The amazing title No Man’s Sky debuted not long ago and opened up 18 quintillion (yes, quintillion) worlds to explore. But that wasn’t the first title to introduce players to space exploration. In fact, tabletop games have been doing a pretty good job for the past several years. If you’re looking for something a little more analog, here are three fantastic games about the deep reaches of space.
In Eclipse, each player takes on the role of an alien race or human faction. Depending on the race, you may get special powers or have different ship costs during the game. From there, it opens up into a 4X style experience: Explore, Expand, Exploit, and Exterminate. (Yes, it should be 4E, but 4X sounds cooler.)
The board is made up of hexes, but at the beginning only the home worlds and the galactic core are placed. If you want to see what else is out there, you’ll have to leave your home world and explore outward. As you do, you’ll discover more planets and settle them for resources. Managing the resources you have, and ensuring that you’re making enough to keep your ever expanding empire satisfied is critical to doing well.
Typically, the first few rounds are all about exploring with the next few involving diplomacy, saber-rattling, and the inevitable military buildup. What once seemed wide and expansive becomes congested as different civilizations butt up against each other. From there, it becomes a space-based onslaught as the various powers vie for control of the best areas and seek to gain points for decimating opponents.
Image Credit: Asmodee Games
Going in a somewhat different direction is Space Cadets. Here, the players cooperatively form a space crew. Something reminiscent of a space journey, or Star Trek if you will. You might have one person manning the weapons, another on engineering, and another at the helm.
Initially, there is only one space tile placed. To get the others placed down, you’ll have to either scan them with sensors, or travel to them and get a visual confirmation of what might be there. But it isn’t so easy as pressing a button and showing up where you want. Instead, each of those stations is like a little mini-game. Engineering will use tiles to create as many matches as possible, and then give extra power to those systems. Helm has to pre-program movement and speed using a special set of cards. And weapons has to first complete little puzzles to create torpedoes, and then employ flicking skills to send them down a board for maximum damage.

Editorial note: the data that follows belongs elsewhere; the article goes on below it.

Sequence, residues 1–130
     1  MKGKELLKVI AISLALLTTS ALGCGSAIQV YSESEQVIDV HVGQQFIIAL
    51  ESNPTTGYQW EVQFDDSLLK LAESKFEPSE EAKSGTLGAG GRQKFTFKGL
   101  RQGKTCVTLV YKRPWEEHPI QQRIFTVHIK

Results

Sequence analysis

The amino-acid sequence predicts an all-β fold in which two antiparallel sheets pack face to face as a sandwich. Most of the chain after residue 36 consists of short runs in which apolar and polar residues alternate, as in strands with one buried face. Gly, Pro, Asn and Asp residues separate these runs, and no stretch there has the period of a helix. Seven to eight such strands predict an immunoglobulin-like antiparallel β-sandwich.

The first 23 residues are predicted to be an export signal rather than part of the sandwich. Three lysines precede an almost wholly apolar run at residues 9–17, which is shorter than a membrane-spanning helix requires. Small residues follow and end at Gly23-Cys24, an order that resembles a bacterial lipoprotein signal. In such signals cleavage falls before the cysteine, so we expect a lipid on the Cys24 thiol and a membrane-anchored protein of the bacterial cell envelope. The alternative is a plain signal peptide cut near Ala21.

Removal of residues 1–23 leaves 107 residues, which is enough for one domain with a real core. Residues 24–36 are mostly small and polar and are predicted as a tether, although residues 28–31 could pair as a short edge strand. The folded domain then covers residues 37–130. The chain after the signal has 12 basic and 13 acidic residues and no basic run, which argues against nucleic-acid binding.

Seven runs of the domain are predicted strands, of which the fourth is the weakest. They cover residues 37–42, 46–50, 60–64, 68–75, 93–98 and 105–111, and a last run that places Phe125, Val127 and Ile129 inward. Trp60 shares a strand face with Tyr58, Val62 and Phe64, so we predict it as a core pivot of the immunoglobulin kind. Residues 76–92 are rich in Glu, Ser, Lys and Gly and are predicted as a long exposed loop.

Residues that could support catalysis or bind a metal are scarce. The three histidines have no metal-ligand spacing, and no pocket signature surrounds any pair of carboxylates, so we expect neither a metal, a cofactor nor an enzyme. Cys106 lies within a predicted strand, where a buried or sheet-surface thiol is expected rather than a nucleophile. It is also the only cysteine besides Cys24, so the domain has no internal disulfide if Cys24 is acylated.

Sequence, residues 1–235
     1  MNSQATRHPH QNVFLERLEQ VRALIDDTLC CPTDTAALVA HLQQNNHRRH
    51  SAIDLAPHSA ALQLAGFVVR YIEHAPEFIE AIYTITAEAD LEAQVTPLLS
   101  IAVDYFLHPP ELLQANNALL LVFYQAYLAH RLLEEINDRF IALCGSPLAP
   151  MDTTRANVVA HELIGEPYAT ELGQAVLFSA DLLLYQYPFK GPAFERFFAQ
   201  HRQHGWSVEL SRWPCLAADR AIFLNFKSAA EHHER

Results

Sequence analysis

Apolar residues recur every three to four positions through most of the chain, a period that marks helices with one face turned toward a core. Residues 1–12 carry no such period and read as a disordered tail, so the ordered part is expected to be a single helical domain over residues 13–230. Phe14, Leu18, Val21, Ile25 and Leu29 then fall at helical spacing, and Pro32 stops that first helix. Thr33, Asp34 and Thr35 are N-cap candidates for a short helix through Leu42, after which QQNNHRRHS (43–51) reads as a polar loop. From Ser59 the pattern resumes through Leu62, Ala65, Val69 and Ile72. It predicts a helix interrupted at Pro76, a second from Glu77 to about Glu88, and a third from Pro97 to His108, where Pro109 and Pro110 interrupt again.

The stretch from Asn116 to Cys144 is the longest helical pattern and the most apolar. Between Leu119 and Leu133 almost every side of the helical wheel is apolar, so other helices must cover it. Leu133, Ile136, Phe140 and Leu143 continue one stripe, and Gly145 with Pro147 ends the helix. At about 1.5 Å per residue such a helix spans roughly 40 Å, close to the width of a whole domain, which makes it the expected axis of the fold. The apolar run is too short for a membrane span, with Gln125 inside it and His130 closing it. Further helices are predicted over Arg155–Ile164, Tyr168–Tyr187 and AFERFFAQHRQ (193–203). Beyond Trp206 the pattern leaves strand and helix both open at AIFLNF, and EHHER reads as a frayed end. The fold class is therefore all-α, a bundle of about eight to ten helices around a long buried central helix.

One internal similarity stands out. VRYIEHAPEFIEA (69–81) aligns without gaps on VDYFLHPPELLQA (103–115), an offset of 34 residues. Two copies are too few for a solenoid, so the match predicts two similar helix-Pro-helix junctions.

Space Cadets is great because it isn’t the kind of game where one experienced player can tell everyone else what to do. Everyone needs to pull their weight and succeed at their assigned task. If there is a weak link, it could cause everyone to suffer damage. Most of the game is completed in real time and players have to do all of this while enemies chase them and while exploring outer reaches.
Image Credit: Stronghold Games
Unlike the previous two games, Core Worlds lacks a board. So the exploration isn’t just simply flip a tile, land on it. Instead, the players begin on the outer worlds. As the rounds progress, new cards are added to the offering and, included among them, are new planets to conquer. Of course, most of the planets are no pushovers. But if you’ve prepared your space horde, those planets could be yours.
Core Worlds is a deck-building game. Your deck starts with a serviceable army of grunts and small space fighters. But as you march toward the galactic center, the core worlds, you take over not only the planets, but also assimilate the technology of the worlds in your wake. By the end of the game, you have massive heroes, huge weaponized vehicles, and robotic assassins.
Eventually, you make your ways to the central worlds and have a final opportunity to crush them under your heel. You’ll need very specific combinations of space and ground forces, and those worlds tend to be a challenge. But you can go right from exploration to plundering. Once the Core Worlds have fallen, players count up the points they’ve amassed in their empire to see which civilization will now become dominant.
Image Credit: Stronghold Games
What space exploration games are your favorites? Tell us about it in the comments.
Featured Image Credit: Fantasy Flight